Tanzania's kicks off bold programmes to address unemployment The basis for optimism in the country is reflected in the draft National Employment Policy (NEP), which directly stems from the overarching framework to address poverty: the National Strategy for Growth and the Reduction of Poverty (NSGRP) or MKUKUTA in Swahili as it is popularly referred, which is in turn implemented through a draft National Employment Creation Programme (NECP). The latter programme comprises of four main pillars. The first addresses private sector development, the second, skills development, the third, employment-intensive works while the fourth focuses on strengthening the Ministry of Labor's ability to support and measure the labour market. The culmination of these programmes intensified to a high-level joint ILO-UNDP Employment Advisory Mission to Tanzania in May (16-18th); intended to review the policy frameworks on growth, employment and poverty reduction and to make recommendations on the NEP and on the NECP in the context of the country's national overarching poverty frameworks for both Mainland and Zanzibar. In addition, one of the main goals of the mission was to provide advice towards the President's objective of creating one million productive jobs by 2010. The other objective, aimed at the UN agencies in the country, was to make recommendations for maximizing the work of the agencies as "One UN" in supporting growth, decent employment and poverty reduction plans in the country. The Tanzania country offices of the ILO in collaboration with UNDP have been working side by side, since 2000 long before the One UN required Agencies to work closely together. The fruits of their collaboration include the Informal Sector Roadmap, an initiative that was jointly sponsored by ILO, UNIDO and UNDP which aimed to investigate and uncover the challenges confronting the informal sector in Tanzania and to explore what policy measures could be implemented to alleviate their conditions. Other UNDP-ILO initiatives and projects include the Social Dialogue project and the Support to the National Employment Policy & Programme (SUNEPP). This long-established and strong partnership between ILO and UNDP in Tanzania was viewed as a pivotal asset for both the government of Tanzania and the Head quarters mission during the mission in May and responds to an agreement signed by the UNDP Administrator Kemal Dervis and the ILO Director-General, Juan Somavia, in February which aims to further cement the collaboration between the two institutions "for the common purpose of enabling countries to achieve their national and international goals". While leading the 3 day mission in Tanzania, the ILO Executive Director, Employment Sector, Mr. Jose Manel Salazar-Xirinachs and the UNDP Director, Strategies and Policies for Poverty Reduction, Mr. Selim Jahan met and had discussions with President Kikwete, officials from the Ministries of Planning, Economy and Empowerment; Labour, Employment and Youth Development; the Association of Tanzanian Employers; UN representatives, academia, research institutions and independent consultants and the media. In Zanzibar, the team met with the Chief Minister, officials of the Ministries of Finance, Labour, Youth, Women and Children Development and the Zanzibar Trade Union Congress among others.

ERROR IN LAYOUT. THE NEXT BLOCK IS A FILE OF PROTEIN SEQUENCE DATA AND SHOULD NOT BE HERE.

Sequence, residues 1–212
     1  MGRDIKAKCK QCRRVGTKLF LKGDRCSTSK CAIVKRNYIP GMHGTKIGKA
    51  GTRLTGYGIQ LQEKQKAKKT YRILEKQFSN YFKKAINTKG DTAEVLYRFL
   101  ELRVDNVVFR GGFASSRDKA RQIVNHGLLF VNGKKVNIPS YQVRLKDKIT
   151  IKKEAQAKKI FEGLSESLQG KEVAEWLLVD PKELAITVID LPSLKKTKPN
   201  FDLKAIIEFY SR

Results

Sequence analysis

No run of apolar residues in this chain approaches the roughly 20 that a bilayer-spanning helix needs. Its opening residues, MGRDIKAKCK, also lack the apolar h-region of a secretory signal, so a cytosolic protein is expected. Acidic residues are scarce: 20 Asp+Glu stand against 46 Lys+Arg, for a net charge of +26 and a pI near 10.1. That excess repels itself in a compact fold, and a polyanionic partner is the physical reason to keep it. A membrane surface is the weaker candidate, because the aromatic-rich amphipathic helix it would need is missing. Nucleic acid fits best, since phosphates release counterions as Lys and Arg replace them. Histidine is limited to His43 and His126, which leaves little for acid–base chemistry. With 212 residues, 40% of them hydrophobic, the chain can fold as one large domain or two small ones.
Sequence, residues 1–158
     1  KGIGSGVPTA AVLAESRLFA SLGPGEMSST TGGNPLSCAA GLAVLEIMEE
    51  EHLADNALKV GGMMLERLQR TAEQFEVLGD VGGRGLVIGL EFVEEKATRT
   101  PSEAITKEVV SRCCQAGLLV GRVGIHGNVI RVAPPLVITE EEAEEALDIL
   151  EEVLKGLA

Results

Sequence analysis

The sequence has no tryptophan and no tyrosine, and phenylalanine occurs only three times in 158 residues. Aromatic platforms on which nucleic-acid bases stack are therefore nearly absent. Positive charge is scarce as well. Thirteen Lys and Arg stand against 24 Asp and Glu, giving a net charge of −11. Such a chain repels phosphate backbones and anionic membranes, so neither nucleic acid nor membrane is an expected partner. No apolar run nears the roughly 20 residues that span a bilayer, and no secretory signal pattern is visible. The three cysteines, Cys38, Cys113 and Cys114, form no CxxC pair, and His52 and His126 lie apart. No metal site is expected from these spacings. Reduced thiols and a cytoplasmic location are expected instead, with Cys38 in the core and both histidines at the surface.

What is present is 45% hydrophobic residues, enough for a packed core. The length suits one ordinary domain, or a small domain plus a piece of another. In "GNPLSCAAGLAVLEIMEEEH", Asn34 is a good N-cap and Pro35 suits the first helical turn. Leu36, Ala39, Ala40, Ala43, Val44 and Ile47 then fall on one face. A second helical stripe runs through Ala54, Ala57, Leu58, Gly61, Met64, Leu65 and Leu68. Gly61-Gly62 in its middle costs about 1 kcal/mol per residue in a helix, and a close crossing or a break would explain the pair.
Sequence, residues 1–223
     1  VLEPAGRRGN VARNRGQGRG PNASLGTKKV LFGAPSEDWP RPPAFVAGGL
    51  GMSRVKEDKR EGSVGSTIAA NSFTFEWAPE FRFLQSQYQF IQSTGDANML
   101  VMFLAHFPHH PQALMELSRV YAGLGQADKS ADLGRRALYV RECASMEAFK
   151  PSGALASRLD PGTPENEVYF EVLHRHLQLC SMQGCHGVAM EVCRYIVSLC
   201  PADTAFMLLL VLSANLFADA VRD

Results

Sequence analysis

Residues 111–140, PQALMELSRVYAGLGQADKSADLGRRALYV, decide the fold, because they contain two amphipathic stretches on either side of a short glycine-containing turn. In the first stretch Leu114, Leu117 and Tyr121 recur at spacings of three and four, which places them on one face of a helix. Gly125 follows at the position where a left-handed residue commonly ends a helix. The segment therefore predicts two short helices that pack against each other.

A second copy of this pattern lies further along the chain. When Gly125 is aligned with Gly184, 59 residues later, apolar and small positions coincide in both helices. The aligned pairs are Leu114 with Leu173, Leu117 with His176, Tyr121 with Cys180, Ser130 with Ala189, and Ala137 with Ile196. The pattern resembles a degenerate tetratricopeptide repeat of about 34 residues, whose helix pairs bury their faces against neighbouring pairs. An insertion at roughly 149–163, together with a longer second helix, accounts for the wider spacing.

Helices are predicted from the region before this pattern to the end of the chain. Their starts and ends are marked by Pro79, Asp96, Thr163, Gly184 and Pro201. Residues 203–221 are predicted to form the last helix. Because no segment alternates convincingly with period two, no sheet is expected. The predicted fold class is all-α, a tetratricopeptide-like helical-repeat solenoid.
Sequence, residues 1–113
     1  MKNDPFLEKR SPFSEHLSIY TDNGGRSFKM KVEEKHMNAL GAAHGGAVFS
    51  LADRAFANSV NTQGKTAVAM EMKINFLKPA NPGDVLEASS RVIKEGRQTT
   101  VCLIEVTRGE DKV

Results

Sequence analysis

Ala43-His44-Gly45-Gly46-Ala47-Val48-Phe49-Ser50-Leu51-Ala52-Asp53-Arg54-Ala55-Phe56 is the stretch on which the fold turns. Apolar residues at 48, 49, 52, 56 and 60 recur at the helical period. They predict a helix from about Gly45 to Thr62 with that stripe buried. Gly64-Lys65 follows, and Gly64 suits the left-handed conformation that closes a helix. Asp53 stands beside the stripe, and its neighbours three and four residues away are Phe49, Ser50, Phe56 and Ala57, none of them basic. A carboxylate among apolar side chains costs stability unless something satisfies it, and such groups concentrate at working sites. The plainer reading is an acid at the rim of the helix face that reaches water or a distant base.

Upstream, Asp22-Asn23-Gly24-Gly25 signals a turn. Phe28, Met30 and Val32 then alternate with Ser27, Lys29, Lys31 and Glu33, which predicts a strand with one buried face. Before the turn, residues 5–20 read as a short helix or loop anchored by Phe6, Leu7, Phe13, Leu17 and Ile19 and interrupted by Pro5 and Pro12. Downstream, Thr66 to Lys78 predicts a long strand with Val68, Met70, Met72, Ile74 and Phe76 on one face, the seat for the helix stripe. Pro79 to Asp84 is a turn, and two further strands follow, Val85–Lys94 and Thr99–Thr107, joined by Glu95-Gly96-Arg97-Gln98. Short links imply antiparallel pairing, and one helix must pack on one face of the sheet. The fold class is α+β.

On his part while speaking to the team, the President sounded his approval over the UN's efforts in supporting government with the unemployment issue. "Unemployment among youth is one of the priorities of our government. I am pleased to hear that the international community through UNDP and ILO has shown interest to support the government in addressing this problem", said Mr. Kikwete. The meetings brought to light a number of critical observations that were shared with the government and other stakeholders. They include: